NEWS

High Court Jurisdiction Questioned In Karunaratne Case

A ruling on whether the High Court has jurisdiction to hear the constitutional redress application and grant permanent stay of proceedings in the case of businessman Jagath Karunaratne will be made
31 Oct 2015 11:25
High Court Jurisdiction Questioned In Karunaratne Case

A ruling on whether the High Court has jurisdiction to hear the constitutional redress application and grant permanent stay of proceedings in the case of businessman Jagath Karunaratne will be made next week.

Karunaratne is charged with SODELPA MP Mosese Bulitavu for allegedly writing seditious comments against the Government in various places in 2011.

It is alleged that on August 1-27, 2011 the two accused did an act namely the spray- painting of words in different places between Nausori and Suva with the seditious intention of bringing into hatred or contempt, or to excite disaffection against the Government of Fiji as by law established. This trial is before the Suva Magistrates Court.

However Karunaratne’s lawyer Aman Ravindra Singh filed a motion and affidavit last month in the High Court whereby he argued that his client’s charge was not correct and that there were constitutional issues that needed to be addressed.

The case was called for hearing before High Court judge Justice Paul Madigan yesterday afternoon where both parties, the State and the Defence raised their concerns.

Mr Singh argued that there was no government ‘as by law established,’ hence his client’s sedition charge is inappropriate.

Justice Madigan said there was an interim government when the alleged incident took place.

Mr Singh agreed that there was an interim government however it was not ‘as by law established.’

He said that when the previous constitutions were abrogated, there was no law from which the interim government was appointed.

He said President Ratu Josefa Iloilo abrogated the constitution and appointed Voreqe Bainimarama as Prime Minister but the President did not have the power to do so.

He said the President filled the vacuum, took over and made the appointment.

He said since the constitution was abrogated there was no law, hence the government was not established by law, and committing sedition against them was not an offence.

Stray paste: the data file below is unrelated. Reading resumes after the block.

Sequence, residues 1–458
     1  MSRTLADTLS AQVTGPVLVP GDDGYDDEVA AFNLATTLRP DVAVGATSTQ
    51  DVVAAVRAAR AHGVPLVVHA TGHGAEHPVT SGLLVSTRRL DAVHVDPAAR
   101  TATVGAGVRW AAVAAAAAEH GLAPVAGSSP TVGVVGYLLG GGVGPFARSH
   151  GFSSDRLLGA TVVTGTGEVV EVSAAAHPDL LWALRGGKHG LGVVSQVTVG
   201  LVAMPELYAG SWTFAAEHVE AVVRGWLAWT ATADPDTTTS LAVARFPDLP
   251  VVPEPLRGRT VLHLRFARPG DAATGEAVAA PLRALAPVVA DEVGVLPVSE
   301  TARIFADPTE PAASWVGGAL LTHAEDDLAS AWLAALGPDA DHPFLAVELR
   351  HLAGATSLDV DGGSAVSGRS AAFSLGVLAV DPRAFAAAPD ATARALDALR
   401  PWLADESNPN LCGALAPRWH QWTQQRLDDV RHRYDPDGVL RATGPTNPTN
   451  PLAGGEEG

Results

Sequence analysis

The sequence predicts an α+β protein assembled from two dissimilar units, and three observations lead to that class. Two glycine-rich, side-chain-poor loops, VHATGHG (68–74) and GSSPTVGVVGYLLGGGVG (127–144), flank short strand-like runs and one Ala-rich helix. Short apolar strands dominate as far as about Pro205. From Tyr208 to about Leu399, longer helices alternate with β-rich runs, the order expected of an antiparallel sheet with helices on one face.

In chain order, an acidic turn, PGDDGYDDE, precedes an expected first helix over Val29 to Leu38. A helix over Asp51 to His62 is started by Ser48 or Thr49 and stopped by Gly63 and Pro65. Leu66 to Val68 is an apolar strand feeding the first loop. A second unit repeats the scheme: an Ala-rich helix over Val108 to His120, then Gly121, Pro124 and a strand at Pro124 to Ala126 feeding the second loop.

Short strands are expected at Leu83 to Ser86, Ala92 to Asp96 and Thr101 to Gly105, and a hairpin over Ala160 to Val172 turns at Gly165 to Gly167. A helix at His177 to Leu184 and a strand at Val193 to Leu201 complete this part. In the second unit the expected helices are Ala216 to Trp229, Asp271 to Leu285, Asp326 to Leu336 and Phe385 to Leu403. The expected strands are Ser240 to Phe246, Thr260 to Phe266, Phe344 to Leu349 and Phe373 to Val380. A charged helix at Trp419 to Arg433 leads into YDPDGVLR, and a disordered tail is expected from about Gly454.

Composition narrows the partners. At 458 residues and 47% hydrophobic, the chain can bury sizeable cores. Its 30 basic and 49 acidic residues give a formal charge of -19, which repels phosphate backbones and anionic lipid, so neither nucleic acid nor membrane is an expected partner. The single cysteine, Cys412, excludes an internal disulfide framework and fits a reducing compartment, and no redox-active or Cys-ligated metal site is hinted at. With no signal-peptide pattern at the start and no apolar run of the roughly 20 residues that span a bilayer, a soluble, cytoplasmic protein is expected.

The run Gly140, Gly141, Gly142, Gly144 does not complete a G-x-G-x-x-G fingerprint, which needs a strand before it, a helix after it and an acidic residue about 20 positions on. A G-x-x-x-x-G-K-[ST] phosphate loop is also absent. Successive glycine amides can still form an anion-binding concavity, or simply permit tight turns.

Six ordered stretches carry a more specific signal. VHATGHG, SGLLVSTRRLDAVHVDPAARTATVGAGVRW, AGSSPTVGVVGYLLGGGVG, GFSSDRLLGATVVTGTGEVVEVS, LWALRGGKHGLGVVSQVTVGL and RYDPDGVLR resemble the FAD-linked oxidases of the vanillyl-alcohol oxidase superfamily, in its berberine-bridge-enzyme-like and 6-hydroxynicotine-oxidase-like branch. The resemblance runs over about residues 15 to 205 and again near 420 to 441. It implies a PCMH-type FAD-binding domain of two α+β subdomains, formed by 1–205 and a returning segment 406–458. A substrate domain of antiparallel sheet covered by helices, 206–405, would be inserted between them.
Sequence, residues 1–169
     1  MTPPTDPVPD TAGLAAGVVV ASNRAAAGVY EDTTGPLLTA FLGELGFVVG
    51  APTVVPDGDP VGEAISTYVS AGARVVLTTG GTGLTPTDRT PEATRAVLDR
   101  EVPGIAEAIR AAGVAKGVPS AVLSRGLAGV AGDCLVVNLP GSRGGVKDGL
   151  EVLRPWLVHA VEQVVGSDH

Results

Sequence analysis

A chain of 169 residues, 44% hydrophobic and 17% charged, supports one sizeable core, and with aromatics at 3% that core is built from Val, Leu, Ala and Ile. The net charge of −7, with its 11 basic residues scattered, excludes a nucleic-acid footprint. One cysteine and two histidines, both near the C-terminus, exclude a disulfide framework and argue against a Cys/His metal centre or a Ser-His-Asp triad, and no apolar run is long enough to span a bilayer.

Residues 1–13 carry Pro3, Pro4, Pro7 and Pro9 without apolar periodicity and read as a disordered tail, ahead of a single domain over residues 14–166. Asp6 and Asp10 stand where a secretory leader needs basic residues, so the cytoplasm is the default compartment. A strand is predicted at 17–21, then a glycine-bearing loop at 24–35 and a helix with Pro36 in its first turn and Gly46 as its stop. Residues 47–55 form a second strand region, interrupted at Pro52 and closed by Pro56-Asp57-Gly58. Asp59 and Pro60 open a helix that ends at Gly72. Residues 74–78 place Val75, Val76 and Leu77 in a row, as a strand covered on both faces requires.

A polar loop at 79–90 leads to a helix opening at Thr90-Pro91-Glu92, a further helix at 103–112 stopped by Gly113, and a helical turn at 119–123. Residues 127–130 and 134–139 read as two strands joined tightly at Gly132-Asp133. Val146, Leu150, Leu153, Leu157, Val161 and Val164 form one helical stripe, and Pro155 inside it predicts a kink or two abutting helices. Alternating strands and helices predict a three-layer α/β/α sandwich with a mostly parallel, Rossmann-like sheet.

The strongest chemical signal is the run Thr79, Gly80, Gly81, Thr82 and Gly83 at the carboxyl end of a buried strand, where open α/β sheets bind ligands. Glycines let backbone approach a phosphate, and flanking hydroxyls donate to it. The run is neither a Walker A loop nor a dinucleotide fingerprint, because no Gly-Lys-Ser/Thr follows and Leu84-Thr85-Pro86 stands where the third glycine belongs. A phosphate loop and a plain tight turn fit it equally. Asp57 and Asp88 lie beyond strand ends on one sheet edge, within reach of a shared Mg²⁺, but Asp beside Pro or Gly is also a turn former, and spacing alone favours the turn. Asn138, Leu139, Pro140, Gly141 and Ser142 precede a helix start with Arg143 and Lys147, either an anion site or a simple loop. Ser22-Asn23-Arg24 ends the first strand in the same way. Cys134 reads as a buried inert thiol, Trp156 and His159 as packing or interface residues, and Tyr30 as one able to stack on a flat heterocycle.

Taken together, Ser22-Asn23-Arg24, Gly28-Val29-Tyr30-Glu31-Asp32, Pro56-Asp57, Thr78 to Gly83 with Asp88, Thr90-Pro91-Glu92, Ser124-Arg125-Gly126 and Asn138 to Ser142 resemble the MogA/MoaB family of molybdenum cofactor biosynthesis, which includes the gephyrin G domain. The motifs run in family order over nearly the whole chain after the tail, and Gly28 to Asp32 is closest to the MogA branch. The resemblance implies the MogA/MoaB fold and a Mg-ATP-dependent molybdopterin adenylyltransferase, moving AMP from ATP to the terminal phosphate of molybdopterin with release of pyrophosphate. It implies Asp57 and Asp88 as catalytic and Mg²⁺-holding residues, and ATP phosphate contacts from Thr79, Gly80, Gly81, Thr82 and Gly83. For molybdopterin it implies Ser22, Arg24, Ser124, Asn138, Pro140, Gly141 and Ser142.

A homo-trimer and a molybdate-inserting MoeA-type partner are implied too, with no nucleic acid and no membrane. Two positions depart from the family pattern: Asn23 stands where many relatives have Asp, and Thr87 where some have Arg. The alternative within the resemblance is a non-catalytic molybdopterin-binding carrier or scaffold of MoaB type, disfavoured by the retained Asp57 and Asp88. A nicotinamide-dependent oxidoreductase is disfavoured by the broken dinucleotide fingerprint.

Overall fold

State prosecutor Lisiate Fotofili argued that on April 10, 2009, President Ratu Josefa made directive that decisions made shall be regarded as law forthwith hence it is an offence to write seditious comments about the government of the day.

He said the President, being the Head of State, exercised his right in an official capacity and appointed the interim government hence the government was as by law established.

He said if a person was in office, the directives by him are made in an official capacity.

He said the right procedure for defence was to make an application on no case to answer after the end of trial where he can raise the issue.

He also said that permanent stay of proceedings can be sought when there is a delay in the magistrate’s court or when there is abuse of process.

Mr Fotofili said if his application did not succeed on no case to answer, he could appeal the decision.

He cited a 2013 Supreme Court ruling which stated that there was a government in place although there was no parliament.

Justice Madigan asked Mr Singh as to whether he made an application to amend the charge in Magistrates Court and have the words ‘as by law established,’ removed.

Mr Singh said then it would be inappropriate because the crimes decree has those words in place in section 66 (1)(i).

The section reads; “…a seditious intention is an intention; to bring into hatred or contempt or to excite disaffection against the Government of Fiji as by law established…”

He said the charge is an abusive process because it was not made out and they were seeking High Court’s interpretation of the charge as to whether the government (the interim government) was established by law.

He said if the permanent stay of proceedings is accepted and a constitutional redress succeeds than his clients charge does not stay otherwise it continues.

Justice Madigan will deliver his ruling on the above application on Wednesday.

Feedback:  farisha.ahmed@fijisun.com.fj

 

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